The lesson of this story is however clear: people dwelling in small communities should live in peace.

Caesarius of Heisterbach, Dialogus Miraculorum,  XI,26

De rusticis qui post mortem in sepulchro contendebant.

In Episcopatu Coloniensi duae generationes rusticorum inimicitias mortales exercebant. Habebant autem duo capita, duos videlicet rusticos magnanimes ac superbos, qui semper nova bella suscitabant, suscitata fovebant, nullam fieri pacem permittentes. Divino igitur nutu factum est, ut ambo uno die morerentur. Et quia de una erant parochia nomine Nuenkirgen, quia sic Domino placuit, qui per illos dissensionis malum ostendere voluit, in una fossa corpora eorum sunt posita. Mira res et inaudita. Cunctis qui aderant videntibus, corpora eadem dorsa verterunt ad invicem, capitibus, calcibus, ipsisque dorsis tam impetuose collidentibus, ut caballos indomitos putares. Mox unum extrahentes, remotius in alio sepulchro tumulaverunt. Et facta est rixa eorundem mortuorum causa pacis et concordiae vivorum.

rusticus: farmer
contendo contendi contentus (-ere): to strife, fight
Coloniensis:  of Cologne
inimicitias mortales: deadly enmities
capita: leaders
magnanimis: proud, arrogant
superbus: insolent
suscito (-are): to raise
foveo fovi fotum: to keep warm, nourish
nutus (u stem, only nom sing. and acc. and abl sing. and plur, m.): command
Neunkirgen: Neunkirchen
dissensionis malum: the evil of dissent
fossa: grave
inauditus: unheard
Cunctis qui aderant videntibus: for all visible (`seeing’), who were present
dorsum: back
ad invicem: to each other
capitis…collidentibus: abl abs
calx calcis (f.): heel
impetuose: violently
caballos indomitus: wild horses
extraho extraxi extractum: to draw out (extrahentes i.e. those present)
remotius: further away
tumulo (-are): to burry
facta…rixa…causa: the quarrel became the cause

Saturday, 5 November 2016

Carmina Burana 117: vows, vows.

I have a weak spot for mediaeval Latin, actually for the Middle Ages as a whole. The centre of the town I live is dominated by two late mediaeval churches and almost every town or hamlet in my province has a church from at least 1400. The physical nearness of such buildings serves as a kind of bridge overlapping ages. I have read with reading club Das Nibelungenlied, Dante’s Inferno and a mediaeval chronicle written in a monastery nearby. So now and then I read texts in Middle English and Middle Dutch and I am now trying to decipher Beowulf. Maybe I am a reincarnation of some vagans scholasticus: reading, writing, pubs and good company.

The following poem is from the Carmina Burana. A lover declares his unconditional love for a girl and any tongue saying otherwise is lying! Our ardent lover swears by all pagan gods that he will love her and only when a reversal of the natural order shall appear, he will stop loving her. But wait: this poem was written by a Christian author, so calling upon pagan gods with no existence outside literature is misleading! I guess he vowed to these gods with every new love.

This poem hardly needs a vocabulary and commentary, but in case someone likes to use it for teaching purposes, feel free to use it.

Carmina Burana 117



Lingua mendax et dolosa,         false ; deceitful (full of dolus `deceit’)

lingua procax, venenosa,              bold, insolent ; venomous

lingua digna detruncari                 to be cut off

et in igne concremari,                    to be burnt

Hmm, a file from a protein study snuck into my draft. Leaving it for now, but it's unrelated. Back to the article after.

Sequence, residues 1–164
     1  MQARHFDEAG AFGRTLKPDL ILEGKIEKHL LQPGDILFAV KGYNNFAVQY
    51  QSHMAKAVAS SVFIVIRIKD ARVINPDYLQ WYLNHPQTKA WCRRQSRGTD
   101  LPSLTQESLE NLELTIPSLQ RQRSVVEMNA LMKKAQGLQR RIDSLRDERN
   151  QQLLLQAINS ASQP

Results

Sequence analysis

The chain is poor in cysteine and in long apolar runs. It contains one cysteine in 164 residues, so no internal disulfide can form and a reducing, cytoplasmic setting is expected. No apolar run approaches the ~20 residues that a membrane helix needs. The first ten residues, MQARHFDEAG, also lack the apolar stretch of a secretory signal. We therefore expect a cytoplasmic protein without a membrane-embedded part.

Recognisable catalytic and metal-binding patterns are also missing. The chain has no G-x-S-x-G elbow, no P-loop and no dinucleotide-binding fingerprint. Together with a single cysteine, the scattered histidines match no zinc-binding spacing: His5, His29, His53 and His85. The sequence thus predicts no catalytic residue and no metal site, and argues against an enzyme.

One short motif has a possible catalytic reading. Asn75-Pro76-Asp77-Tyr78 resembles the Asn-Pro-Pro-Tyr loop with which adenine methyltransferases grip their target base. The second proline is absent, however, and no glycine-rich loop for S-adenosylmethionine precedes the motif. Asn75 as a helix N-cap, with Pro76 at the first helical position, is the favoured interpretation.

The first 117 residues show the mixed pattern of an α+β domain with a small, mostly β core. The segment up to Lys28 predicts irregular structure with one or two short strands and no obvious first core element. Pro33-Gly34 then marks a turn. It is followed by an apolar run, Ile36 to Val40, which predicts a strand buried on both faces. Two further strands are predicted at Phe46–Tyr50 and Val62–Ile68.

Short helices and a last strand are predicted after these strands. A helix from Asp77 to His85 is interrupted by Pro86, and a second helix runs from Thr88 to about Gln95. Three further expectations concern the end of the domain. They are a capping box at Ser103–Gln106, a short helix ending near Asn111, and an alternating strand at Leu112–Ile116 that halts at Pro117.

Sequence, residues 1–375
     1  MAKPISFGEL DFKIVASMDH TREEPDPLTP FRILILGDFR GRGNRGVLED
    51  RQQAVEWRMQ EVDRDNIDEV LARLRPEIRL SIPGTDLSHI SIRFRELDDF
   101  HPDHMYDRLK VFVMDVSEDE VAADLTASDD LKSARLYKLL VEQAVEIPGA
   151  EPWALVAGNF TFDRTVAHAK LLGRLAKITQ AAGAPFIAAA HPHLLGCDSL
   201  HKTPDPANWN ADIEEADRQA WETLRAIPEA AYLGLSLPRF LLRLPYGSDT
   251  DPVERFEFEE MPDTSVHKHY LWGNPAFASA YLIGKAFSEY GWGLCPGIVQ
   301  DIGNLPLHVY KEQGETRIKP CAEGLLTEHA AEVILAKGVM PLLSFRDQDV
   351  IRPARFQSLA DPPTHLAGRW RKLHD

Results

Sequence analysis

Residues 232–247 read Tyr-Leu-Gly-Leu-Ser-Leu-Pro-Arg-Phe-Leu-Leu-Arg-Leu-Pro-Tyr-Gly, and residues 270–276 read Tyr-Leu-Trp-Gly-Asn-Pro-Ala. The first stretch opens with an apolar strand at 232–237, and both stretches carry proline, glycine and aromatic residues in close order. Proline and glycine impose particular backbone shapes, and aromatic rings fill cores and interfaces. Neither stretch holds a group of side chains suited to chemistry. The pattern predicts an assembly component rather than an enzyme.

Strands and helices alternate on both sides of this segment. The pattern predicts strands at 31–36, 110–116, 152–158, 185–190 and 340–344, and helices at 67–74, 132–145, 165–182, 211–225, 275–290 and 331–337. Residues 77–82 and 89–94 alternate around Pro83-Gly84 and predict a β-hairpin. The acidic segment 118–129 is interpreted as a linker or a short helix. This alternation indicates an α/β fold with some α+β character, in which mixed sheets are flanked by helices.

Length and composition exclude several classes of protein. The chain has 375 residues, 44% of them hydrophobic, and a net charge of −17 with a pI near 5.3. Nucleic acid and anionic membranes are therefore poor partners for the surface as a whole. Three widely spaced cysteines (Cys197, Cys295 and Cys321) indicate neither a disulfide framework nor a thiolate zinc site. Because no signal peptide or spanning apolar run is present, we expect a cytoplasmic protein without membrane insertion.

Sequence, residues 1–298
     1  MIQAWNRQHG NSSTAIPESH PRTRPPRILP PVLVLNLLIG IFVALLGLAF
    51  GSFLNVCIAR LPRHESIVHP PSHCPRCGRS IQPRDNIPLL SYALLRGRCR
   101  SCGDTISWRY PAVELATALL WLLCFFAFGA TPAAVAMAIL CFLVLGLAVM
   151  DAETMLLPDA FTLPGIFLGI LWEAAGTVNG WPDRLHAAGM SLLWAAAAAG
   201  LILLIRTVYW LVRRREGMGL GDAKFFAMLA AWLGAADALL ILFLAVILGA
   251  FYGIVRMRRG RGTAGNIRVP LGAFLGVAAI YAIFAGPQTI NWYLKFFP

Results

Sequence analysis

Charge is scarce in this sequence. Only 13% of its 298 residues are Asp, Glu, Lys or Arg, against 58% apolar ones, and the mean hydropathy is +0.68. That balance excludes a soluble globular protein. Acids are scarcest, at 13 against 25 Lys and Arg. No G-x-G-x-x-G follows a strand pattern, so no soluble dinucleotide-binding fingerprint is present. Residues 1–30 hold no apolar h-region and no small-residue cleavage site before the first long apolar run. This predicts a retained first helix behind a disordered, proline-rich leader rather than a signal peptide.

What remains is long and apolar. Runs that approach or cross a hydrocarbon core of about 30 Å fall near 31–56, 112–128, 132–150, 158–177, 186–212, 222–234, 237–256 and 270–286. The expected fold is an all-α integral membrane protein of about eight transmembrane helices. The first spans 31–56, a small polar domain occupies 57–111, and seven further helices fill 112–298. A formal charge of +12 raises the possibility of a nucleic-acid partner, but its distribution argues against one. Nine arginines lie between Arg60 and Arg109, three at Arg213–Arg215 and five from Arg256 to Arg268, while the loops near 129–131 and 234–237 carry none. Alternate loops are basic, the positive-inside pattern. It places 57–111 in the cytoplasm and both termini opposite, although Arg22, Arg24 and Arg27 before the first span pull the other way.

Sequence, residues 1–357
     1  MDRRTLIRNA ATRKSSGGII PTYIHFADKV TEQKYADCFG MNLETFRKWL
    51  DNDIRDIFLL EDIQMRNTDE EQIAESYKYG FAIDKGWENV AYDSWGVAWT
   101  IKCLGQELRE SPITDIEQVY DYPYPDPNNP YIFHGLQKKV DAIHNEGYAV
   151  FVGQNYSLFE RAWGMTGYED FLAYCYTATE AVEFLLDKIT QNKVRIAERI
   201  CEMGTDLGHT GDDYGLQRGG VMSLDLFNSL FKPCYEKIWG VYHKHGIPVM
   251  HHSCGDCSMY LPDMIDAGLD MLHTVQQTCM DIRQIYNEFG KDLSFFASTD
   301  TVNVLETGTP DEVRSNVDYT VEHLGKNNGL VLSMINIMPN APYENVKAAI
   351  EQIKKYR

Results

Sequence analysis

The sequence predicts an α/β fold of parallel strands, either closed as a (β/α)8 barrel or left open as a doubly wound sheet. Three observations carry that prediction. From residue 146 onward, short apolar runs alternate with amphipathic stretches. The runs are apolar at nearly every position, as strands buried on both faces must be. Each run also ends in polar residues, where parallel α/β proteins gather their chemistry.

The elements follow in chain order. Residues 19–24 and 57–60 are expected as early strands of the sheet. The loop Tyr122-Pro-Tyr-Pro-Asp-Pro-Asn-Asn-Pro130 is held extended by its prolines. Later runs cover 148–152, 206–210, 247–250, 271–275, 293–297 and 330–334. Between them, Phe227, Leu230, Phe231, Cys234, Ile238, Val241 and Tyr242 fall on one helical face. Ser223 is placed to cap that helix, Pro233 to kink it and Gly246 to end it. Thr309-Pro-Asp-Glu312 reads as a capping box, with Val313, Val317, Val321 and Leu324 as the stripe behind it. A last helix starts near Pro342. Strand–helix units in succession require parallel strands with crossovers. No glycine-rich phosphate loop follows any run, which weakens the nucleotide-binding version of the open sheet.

Que me dicit deceptorem            que = quae ; deciever

et non fidum amatorem,

quam amabam, dimisisse             to have sent away

et ad alteram transisse!               alteram (puellam) : to have gone to



Sciat deus, sciant dei:

non sum reus huius rei!                 guilty of

sciant dei, sciat deus:

huius rei non sum reus!



Unde iuro Musas novem,              therefore ; to vow, swear; nine

quod et maius est, per Iovem,     greater

qui pro Dane sumpsit auri,           Dane = Danae ; took the form of

in Europa formam tauri;                in Europa = pro Europa

Jupiter went after Danae in the form of golden rain and after Europa as a bull.

Danae is a Greek name (Δανάη) and hence has no ablative. Note that the ae in Danae is dissyllabic (Danaë), but this pronunciation was not recognized in Mediaeval Latin.



Iuro Phebum, iuro Martem,         Phebum = Apollo

qui amoris sciant artem;               Mars had an affair with Venus. Apollo had a lot.

iuro quoque te, Cupido,

arcum cuius reformido;                 bow; to fear



Arcum iuro cum sagittis,               arrows

quas frequenter in me mittis:

sine fraude, sine dolo

fedus hoc servare volo!                 fedus = foedus



Volo fedus observare!

et ad hec dicemus, quare:       hec = haec ; why

inter choros puellarum

nichil vidi tam preclarum.     nichil = nihil; such a beautiful thing (neuter!)

The re in quare is long in in Classical Latin, but not Mediaeval Latin.



Inter quas appares ita

ut in auro margarita.                    pearl

humeri, pectus et venter              shoulders (umeri) ; breast ;  belly

sunt formata tam decenter;



Frons et gula, labra, mentum      forehead ; neck ; lips ; chin

dant amoris alimentum;                amoris `to my love’(gen. ob.) ;  nourishment

crines eius adamavi,                       hair

quoniam fuere flavi.                       because ; fuere = fuerunt ; blond



Ergo dum nox erit dies,                 until

et dum labor erit quies,

et dum aqua erit ignis,

et dum silva sine lignis,                  forrest ; wood



Et dum mare sine velis,                  sails

et dum Parthus sine telis,             missiles, arrows

cara michi semper eris:                 michi = mihi

nisi fallar, non falleris!                   I will be cheated

The Parthi (Persians) were famous for their bows. Of course this topos is taken from classical literature.